It’s rarely that I feel moved to write in defence of a Labour Party leader, but TV3’s attempt to skewer Andrew Little over an unpaid bill is pure mischief-making.Two nights in a row, Patrick Gower has tried to beat this up into a major embarrassment for Little. Last night he went so far as to say it signified the end of the honeymoon for the Labour leader. The rest of the media don’t seem too excited over it, but when TV3's political editor says it's the end of the honeymoon - well, it is, at least as far as TV3's concerned.
Gower does some very good work, and I’m mostly a fan. But when he gets bored, he tries to inflate minor issues into crises. Conflict and drama are meat and drink to him, and when there isn’t any he’ll manufacture it. On this occasion his friend and stablemate Duncan Garner, on RadioLive, seems to have been an enthusiastic accomplice.If the affair of the unpaid bill is embarrassing to anyone, it’s Little’s chief of staff Matt McCarten. Everything Gower has reported suggests that’s where the blame lies for not paying freelance journalist David Cohen the $950 owed to him for advice given during Little’s bid for the party leadership last October.
That’s as it should be. Party leaders can’t be expected to deal with the minutiae of housekeeping.Little could probably have got himself off the hook by saying the problem lay in McCarten’s office, but of course he wouldn’t because it would look like he was dumping on his right-hand man. And what fun Gower would have had with that.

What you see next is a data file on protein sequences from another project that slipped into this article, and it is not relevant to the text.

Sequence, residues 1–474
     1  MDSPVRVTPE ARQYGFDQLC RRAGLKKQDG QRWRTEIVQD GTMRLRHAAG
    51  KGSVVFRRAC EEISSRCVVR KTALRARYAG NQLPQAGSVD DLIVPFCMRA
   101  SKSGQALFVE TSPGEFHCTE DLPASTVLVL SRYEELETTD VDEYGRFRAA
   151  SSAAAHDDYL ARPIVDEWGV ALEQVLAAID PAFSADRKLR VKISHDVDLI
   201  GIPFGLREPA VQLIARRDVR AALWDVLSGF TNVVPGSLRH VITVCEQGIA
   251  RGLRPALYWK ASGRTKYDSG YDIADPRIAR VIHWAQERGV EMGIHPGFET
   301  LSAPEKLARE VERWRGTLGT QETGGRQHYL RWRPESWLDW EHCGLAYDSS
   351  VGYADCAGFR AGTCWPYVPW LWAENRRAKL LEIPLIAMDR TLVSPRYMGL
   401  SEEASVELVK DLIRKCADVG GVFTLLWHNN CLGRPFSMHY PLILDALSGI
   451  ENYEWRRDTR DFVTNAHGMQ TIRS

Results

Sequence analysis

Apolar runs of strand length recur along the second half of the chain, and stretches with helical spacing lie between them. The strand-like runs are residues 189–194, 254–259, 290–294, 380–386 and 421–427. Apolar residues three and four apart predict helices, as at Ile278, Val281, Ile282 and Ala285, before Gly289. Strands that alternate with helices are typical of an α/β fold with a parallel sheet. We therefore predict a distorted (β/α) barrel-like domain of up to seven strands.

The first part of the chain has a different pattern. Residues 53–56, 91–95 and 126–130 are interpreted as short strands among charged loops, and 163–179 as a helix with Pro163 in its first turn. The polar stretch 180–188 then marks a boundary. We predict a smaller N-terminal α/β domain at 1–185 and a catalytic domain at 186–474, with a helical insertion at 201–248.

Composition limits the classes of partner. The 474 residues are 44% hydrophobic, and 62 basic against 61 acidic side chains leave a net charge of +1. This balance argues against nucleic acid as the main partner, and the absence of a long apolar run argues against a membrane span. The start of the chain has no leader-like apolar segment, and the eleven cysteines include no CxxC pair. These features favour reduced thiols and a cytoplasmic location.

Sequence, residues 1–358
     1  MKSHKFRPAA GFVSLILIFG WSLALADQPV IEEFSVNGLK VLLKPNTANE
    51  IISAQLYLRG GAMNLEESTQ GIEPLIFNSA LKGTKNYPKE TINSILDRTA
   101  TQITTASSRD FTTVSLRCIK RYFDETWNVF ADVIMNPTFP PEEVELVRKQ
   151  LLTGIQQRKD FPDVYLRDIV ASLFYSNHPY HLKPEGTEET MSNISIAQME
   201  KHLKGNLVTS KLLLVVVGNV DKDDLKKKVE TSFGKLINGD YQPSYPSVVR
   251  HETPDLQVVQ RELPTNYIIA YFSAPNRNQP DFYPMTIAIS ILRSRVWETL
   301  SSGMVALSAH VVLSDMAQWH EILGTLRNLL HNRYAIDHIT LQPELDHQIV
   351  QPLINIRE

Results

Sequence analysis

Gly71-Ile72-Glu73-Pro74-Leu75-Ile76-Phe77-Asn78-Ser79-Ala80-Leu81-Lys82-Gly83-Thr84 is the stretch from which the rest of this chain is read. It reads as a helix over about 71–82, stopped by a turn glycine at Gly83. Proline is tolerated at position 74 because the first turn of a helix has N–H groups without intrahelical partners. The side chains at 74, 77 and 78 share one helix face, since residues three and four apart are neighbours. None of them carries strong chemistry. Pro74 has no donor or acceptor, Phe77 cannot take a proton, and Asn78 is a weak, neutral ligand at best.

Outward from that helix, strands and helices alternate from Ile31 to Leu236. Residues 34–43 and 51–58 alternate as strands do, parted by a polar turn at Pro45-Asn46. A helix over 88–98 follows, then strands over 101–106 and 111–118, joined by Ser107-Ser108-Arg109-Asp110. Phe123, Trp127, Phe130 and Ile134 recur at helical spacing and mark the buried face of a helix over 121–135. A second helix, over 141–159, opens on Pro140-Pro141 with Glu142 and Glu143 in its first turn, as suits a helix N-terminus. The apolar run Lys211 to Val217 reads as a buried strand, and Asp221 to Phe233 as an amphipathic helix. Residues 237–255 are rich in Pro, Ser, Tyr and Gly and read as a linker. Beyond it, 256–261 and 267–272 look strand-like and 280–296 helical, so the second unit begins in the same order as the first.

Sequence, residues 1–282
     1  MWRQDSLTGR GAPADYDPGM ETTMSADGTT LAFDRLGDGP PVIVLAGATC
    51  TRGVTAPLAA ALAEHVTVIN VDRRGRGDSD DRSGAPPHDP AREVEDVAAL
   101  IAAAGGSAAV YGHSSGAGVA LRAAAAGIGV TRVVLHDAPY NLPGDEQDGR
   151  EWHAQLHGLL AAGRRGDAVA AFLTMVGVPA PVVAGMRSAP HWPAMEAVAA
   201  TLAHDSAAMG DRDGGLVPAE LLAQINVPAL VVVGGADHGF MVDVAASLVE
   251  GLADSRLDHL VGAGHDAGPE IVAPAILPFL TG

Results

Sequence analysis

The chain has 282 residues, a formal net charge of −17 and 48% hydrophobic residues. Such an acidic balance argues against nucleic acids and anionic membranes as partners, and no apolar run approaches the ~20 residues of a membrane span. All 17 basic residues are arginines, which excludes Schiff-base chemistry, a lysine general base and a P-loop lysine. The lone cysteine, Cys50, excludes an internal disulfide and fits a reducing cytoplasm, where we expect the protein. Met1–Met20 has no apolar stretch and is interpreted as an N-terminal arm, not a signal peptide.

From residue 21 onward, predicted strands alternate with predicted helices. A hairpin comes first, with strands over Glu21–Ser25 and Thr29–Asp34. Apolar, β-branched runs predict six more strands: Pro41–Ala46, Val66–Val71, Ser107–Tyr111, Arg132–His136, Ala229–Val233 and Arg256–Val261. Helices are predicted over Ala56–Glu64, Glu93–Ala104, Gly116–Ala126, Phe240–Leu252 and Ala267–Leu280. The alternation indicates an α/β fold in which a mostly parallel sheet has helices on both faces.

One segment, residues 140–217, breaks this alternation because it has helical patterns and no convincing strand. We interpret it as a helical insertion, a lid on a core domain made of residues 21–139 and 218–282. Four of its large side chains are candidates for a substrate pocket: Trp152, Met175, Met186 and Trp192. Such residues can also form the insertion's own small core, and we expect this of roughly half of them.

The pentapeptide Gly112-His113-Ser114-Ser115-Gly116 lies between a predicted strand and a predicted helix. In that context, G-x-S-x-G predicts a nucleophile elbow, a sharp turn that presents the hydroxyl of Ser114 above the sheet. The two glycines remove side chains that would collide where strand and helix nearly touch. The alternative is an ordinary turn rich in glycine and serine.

The most interesting aspect of the non-story to me is the revelation that Cohen was engaged to work for the Labour Party.I know that freelance journalism is a precarious way to make a living, and that there’s a powerful temptation to take work wherever you can get it. But conflict of issues arise when people who comment on matters of public interest (Cohen is National Business Review’s media columnist) are simultaneously involved in political work behind the scenes.
I suspect this goes on much more than we know. Cohen has come out in the open because he was understandably pissed off at not being paid. Otherwise his relationship with Labour would probably have remained secret. How many other notionally independent commentators, I wonder, are potentially compromised by connections we don’t know about?